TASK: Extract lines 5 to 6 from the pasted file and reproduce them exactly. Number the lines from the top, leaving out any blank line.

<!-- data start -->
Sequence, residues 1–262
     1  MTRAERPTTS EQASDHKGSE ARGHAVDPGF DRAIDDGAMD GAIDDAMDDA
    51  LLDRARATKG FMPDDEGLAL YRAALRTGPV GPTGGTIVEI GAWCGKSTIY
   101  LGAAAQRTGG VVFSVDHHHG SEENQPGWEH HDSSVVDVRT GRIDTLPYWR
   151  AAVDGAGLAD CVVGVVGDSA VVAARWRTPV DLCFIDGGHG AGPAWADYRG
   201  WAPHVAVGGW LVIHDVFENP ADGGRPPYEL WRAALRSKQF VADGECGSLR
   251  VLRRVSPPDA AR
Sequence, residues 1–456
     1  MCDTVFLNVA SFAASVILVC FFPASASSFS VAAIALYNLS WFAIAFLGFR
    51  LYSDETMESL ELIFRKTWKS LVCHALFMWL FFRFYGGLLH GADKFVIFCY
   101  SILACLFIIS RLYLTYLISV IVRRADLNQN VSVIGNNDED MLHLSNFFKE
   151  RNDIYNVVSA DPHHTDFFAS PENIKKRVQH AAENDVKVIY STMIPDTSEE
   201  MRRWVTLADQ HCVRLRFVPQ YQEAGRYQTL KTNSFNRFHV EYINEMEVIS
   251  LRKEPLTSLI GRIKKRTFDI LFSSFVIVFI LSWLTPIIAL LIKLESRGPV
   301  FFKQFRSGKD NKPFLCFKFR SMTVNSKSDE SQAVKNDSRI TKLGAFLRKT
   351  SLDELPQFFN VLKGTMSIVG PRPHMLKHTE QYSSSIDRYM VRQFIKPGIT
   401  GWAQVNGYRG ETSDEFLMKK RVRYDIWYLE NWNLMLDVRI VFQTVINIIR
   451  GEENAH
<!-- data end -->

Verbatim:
   151  AAVDGAGLAD CVVGVVGDSA VVAARWRTPV DLCFIDGGHG AGPAWADYRG
   201  WAPHVAVGGW LVIHDVFENP ADGGRPPYEL WRAALRSKQF VADGECGSLR